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The Good Dog - Chapter 4

We walked back home in silence without a single woof or meow. Every once in a while I stole a look at the cat, who seemed both casual and deep in thought. Maybe all cats are like that – casually intense. I never gave Cats much thought really. They were never playing fetch in the park, their nightly yowls were not howls, and as for interactions cat and I had ever on butt sniffing terms. Now, however, here we were - a tried of a dog and cat making our way Down the sidewalk at dusk, and no one noticed my anxiety In the world I no longer understood.


Our pace was quick, as we needed to be home before Good Girl and Down. When we got back to the alley next to our building the Cat didn’t hesitate to make its way by leaps and bounds up to the open window of our apartment. On the ledge, it looked back Down at me with what I appreciated was neither a look of pity nor amusement, but simply one of analyzing a challenge. And challenge it was. I will spare you the step – by –precarious-step climb back to the apartment. Suffice to say over the ensuing weeks I would become adept at it.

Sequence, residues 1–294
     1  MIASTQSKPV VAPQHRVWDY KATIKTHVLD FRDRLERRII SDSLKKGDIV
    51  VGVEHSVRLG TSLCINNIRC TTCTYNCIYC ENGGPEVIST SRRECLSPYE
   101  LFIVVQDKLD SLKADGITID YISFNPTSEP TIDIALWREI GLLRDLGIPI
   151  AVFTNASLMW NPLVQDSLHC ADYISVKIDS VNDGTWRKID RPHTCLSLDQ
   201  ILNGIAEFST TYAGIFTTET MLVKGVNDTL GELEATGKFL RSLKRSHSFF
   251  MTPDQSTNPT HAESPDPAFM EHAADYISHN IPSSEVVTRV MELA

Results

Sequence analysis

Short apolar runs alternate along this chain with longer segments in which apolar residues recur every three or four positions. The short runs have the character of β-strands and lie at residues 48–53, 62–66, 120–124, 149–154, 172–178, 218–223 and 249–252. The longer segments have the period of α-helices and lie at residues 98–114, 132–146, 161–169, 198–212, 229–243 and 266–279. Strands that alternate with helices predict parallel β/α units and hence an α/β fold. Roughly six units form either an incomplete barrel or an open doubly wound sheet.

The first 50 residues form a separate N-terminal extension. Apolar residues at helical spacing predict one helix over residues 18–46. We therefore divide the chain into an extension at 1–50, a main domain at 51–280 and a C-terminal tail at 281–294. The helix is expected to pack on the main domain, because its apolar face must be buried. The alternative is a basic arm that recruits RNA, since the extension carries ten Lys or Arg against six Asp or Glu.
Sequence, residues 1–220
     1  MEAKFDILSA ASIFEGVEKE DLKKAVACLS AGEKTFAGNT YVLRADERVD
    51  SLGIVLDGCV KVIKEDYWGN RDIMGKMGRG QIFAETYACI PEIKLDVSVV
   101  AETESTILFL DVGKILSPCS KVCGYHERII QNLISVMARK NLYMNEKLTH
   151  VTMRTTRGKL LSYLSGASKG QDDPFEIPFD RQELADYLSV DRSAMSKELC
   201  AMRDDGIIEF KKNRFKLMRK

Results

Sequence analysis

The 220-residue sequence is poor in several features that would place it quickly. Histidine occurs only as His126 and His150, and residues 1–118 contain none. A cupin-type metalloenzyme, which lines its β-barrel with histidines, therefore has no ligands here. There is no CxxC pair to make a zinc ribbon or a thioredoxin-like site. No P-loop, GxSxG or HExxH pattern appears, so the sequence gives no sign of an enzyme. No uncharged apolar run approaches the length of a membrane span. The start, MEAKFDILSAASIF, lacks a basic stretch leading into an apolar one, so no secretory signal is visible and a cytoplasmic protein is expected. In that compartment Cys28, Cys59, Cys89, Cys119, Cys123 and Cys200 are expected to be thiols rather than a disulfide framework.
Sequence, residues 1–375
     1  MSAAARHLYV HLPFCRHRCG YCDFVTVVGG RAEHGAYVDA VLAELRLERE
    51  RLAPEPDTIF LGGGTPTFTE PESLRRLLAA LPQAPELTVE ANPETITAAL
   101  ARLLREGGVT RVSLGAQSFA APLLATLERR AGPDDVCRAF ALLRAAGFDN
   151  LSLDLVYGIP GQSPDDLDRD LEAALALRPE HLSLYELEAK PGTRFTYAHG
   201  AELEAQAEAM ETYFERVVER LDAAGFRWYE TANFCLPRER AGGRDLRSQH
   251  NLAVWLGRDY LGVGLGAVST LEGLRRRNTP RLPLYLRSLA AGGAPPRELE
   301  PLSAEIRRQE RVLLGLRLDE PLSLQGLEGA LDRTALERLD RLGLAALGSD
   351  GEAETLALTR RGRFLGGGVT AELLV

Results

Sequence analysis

Good Girl returned shortly after the Cat and I. She dumped her bags, went to the kitchen, and filled both our food bowls. I’d been through so much I hadn’t even noticed how hungry I was. I don’t know if that’s ever happened to you, but for a dog it’s a big deal. At the sound of the magical can opener all the adventure of the day vanished from my mind as my stomach captured me heart and soul. And by the time I finished my second bowl Good Girl had my leash ready for our nightly poop in the park. I shot a glance at the kat, both wondering if I’d be safe from the humping advances of the dog we’d dealt with earlier, but the park was filled with its usual cast of characters, Frolicking, chasing, marking, pooping. All of it perfectly normal, all of it the activities of an average evening. But this wasn’t an average evening, And a little did I know that no evening would be average for me again.